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Meditation and Peak Mental Performance (MEF-Meditation)

Peak Mental Performance

The practice of meditation provides a verifiable scientific model of mental training tools and techniques that transforms connections in our brain systems that can be used to boost peak mental performance. The practice of meditation has been proven in changing the neuroplasticity of our brain systems. Specifically, the changes have been seen in reaction and recovery from stress, ability to develop compassion and empathy for others, dampens unconscious biases, retrains habits for focus and concentration, and transforms our sense of “self”. These now proven results to develop mental mastery and improve the quality of our lives opens the door to anyone who is willing to make the commitment to meditation for peak mental performance.

“Peak performance is a state of executive functioning” adapted from Greg Wells, Ph.D. Executive functioning by definition “is a set of processes that have to do with managing oneself and one’s resources in order to achieve a goal. It’s an umbrella term for neurologically-based skills involving mental control and self-regulation.” (Joyce Cooper-Kahn and Laurie Dietzel) In fact, people who experience a state of peak mental performance often report  a sense of ease in one’s abilities, ability to sustain, select, and allocate focus and concentration, self-confidence, eliminate distractions from self-rumination and mind wandering, and not having a fear of failure. What few people realize that peak mental performance is trainable.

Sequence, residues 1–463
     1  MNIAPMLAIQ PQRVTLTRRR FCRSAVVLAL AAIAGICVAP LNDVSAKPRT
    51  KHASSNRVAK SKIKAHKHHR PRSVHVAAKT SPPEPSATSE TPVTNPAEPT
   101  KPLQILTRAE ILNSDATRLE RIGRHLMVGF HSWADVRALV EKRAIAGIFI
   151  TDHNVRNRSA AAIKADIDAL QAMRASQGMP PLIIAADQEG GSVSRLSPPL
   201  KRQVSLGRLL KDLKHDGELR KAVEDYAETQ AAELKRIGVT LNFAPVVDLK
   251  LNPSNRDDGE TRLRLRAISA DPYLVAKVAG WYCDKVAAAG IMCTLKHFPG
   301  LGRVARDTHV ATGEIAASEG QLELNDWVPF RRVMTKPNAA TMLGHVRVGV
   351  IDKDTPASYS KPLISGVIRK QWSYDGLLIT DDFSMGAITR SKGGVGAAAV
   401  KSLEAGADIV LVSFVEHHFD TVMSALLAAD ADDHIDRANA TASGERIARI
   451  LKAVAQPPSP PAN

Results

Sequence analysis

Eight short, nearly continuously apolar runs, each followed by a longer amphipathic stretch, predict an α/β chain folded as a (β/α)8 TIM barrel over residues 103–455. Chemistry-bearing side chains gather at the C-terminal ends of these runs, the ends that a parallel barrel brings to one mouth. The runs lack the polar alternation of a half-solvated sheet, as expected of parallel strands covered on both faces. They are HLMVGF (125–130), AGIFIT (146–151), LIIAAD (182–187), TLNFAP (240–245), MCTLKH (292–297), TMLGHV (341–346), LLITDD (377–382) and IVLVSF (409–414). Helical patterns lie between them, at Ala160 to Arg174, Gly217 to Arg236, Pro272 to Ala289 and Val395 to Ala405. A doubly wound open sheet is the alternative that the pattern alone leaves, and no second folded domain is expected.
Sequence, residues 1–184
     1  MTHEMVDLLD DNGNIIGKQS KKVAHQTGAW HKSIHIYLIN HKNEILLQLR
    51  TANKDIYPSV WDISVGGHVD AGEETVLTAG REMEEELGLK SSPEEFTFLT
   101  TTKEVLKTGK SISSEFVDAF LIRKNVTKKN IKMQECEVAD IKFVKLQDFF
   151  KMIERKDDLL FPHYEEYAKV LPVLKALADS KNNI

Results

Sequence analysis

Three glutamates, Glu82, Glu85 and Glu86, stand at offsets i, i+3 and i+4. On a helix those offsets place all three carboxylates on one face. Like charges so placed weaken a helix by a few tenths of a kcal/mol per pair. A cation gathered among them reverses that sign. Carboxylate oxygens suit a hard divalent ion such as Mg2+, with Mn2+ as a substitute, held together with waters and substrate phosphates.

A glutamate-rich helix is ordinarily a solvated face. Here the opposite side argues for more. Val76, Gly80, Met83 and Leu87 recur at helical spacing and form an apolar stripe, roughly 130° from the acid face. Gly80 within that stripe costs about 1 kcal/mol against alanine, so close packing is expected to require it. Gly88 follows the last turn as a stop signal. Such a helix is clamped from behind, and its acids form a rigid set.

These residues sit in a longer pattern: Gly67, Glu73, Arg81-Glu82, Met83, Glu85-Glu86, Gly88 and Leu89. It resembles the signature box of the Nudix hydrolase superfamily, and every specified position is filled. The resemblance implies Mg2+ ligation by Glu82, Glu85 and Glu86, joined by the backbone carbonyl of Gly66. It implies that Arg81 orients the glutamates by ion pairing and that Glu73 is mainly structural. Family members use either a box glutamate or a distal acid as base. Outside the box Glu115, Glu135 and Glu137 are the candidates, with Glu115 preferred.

Mindfulness Meditation

Probably the most popular form of meditation is mindfulness meditation. In the most basic sense, it’s a technique that teaches you to focus on a meditation object such as: breath, areas of the body, sensations, sounds, something in the environment, active meditations, and certain types of yoga. Basically, you choose a meditation object of attention for the duration of the meditation. Then you practice maintaining your attention on it for the entire time. Sounds easy, right? Well, if anyone has actually sat down to meditate, it’s extremely challenging.

Once you sit down to meditate, you’ll experience the inner workings of your mind. You’ll most likely be bombarded with memories, thoughts, impulses, anxieties, fears, emotions, and any other melodramas in your mental landscape. These inner workings of your mind are all distractions to remove your attention off the meditation object. If you are a beginner, you’ll probably be swept away from this onslaught of mental busyness.